CX & Design

Bridging the gap between customer data and experience

Alexandra Moorhouse
Alexandra Moorhouse
Senior Marketing Manager
Manchester

Increasing volumes of ambitious, customer-centric brands are merging data, creativity and technology to create experiences that engage customers on a new level. The rise in immersive, brand-led entertainment has shifted consumers’ mindset around data, encouraging them to share information and preferences in exchange for more relevant and engaging experiences. It’s a win-win; brands are able to improve customer experience (CX) while building more reliable data sets, and consumers receive the experience they want. But this approach is being led by an elite few, and isn’t the reality for the majority of brands. Despite data being one of the most useful tools to help businesses understand customer behaviour and market trends, improve decision making and evaluate ROI, 87% of marketers consider it to be their organisation’s most under-utilised asset.

Demanding better data

Many companies collect a wealth of customer data, but often drop the ball when it comes to activation. For too long, brands have been using a blend of unreliable, probabilistic data (based on patterns and the likelihood of a certain outcome, like cookies), and more objective deterministic data (known information that a customer has often input, such as names and email addresses), to create customer experiences that they think people want. We must ask why, when it’s possible to leverage data to deliver experiences that we know customers want.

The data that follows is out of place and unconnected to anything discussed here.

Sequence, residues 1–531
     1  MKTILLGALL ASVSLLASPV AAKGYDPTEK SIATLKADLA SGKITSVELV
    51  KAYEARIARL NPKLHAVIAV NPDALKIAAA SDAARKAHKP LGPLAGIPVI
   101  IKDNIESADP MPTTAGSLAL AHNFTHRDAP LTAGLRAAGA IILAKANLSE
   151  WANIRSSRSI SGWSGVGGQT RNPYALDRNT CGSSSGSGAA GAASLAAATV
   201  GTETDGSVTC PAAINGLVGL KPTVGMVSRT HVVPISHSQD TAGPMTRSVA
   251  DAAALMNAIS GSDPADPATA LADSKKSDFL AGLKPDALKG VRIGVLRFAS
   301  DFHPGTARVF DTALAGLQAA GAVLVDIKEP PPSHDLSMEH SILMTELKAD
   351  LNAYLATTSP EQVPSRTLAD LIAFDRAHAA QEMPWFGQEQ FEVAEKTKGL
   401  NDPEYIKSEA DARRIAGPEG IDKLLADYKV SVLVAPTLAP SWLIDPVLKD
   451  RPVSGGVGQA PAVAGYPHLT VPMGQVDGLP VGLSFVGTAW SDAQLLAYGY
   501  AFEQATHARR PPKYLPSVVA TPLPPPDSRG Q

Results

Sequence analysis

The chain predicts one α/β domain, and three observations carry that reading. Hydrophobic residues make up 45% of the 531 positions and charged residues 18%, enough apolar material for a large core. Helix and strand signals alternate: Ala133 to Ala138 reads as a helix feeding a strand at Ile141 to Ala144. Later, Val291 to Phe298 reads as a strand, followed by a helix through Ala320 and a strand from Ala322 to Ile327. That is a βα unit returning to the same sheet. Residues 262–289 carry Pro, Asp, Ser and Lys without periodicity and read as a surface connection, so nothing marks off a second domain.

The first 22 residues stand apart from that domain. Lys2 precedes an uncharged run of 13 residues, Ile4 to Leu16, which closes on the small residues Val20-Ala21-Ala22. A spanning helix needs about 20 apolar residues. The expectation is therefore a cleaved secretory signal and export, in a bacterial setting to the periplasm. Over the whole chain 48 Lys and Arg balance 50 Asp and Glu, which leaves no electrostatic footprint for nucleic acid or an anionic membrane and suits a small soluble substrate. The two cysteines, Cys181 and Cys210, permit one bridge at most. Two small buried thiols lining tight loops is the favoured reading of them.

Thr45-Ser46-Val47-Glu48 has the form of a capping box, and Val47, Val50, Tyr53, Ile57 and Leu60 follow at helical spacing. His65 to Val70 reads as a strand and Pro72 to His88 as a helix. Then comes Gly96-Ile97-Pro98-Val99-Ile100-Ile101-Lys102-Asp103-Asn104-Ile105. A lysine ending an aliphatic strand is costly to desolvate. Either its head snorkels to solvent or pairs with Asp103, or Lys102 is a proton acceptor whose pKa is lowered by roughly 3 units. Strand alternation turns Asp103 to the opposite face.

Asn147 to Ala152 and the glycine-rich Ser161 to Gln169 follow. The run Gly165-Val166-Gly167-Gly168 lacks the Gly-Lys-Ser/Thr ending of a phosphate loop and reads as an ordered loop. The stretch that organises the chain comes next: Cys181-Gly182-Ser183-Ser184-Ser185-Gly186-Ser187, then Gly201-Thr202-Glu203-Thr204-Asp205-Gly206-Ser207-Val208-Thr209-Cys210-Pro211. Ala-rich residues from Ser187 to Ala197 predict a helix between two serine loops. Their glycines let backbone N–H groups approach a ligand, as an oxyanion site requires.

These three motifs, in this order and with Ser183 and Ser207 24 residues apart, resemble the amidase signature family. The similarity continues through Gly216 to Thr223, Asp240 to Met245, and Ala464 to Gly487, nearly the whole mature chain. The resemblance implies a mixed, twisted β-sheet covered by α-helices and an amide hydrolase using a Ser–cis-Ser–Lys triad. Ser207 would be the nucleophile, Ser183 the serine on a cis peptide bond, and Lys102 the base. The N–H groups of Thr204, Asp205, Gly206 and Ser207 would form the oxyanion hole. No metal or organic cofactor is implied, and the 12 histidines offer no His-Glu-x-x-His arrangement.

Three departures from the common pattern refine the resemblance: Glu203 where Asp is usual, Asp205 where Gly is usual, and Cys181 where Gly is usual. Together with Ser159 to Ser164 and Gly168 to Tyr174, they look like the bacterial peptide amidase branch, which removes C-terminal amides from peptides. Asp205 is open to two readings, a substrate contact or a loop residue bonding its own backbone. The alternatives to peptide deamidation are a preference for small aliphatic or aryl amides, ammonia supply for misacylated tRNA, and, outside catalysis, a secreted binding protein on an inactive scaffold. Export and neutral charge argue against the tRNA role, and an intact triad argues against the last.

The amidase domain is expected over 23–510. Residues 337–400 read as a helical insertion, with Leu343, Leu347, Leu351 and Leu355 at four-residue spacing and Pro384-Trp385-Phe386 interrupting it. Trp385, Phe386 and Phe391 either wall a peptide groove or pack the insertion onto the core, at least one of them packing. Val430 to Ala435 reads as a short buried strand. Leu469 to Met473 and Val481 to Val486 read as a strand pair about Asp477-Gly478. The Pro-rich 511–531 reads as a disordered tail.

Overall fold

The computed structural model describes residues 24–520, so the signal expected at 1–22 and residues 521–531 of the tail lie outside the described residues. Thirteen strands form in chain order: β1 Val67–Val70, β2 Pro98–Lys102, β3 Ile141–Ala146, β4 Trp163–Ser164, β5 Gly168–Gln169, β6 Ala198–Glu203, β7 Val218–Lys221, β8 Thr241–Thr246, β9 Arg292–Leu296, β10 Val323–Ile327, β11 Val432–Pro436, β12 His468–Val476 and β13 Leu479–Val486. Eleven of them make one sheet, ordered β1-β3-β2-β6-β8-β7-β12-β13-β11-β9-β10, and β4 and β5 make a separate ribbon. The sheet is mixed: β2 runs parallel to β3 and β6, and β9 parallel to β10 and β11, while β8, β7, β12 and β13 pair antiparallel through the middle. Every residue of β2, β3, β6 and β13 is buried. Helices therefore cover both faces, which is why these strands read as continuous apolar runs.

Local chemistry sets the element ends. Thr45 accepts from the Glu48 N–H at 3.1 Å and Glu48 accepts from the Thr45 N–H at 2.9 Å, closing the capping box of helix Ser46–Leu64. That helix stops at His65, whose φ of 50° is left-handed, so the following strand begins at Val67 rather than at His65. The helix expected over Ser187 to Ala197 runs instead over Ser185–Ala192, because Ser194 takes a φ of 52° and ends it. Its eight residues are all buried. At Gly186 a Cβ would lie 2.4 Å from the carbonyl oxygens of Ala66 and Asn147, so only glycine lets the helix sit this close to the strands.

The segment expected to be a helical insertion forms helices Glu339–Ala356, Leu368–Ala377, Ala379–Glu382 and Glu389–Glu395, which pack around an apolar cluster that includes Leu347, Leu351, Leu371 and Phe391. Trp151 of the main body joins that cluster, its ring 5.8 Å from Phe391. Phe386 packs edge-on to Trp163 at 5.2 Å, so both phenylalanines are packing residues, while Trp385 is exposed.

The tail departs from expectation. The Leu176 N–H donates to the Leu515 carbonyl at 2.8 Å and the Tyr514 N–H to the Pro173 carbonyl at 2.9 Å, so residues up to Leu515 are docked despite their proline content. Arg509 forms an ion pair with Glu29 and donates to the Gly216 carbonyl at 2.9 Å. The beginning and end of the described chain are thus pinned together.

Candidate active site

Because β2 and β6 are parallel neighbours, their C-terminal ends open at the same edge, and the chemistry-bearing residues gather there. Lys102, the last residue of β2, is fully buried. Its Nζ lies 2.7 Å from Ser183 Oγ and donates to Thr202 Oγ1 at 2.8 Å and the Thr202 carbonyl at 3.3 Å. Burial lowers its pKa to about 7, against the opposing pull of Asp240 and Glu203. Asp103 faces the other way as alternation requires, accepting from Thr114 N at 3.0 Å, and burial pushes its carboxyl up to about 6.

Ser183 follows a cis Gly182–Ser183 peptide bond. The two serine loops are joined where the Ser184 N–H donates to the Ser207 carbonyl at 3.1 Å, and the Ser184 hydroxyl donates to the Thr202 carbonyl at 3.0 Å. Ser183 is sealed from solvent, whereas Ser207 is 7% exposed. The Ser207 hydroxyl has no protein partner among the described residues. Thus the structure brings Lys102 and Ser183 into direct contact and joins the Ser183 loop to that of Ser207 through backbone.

With stricter industry regulations gradually phasing out the use of third party data and the discontinuation of the cookie on the radar for more than a year, companies have been forced to consider and extend their data capabilities beyond traditional, probabilistic methods. 

“The third party cookie represented a shortcut for brands to reach customers without implementing a real strategy or investing the lead time to build direct relationships. Although tactics like blind retargeting were effective in the early stages of digital marketing, consumers are now savvier and expect brands to move away from generalisations and focus on more bespoke personalisation,” says Lizzie Powell, Strategy Director at Dept. 

Within the past year, collecting more first party data was deemed a high priority by 88% of major brands. But one of the biggest blockers to activating this data is that it is often siloed and difficult to access, which 47% of marketers agree with. As customer journeys become more complex, the need for brands to track and connect customer engagements becomes even more important. To address this challenge, many brands are implementing a customer data platform (CDP) to aggregate and analyse customer data from a variety of sources such as the CRM, web forms, events, email marketing, social media, websites and more. CDPs collect real-time first, second and third party data to create a single view of the customer based on their demographic, historic behaviour and browsing activity; enabling brands to better understand customers, their journeys, and activate customer data to its full potential.  

Zero party data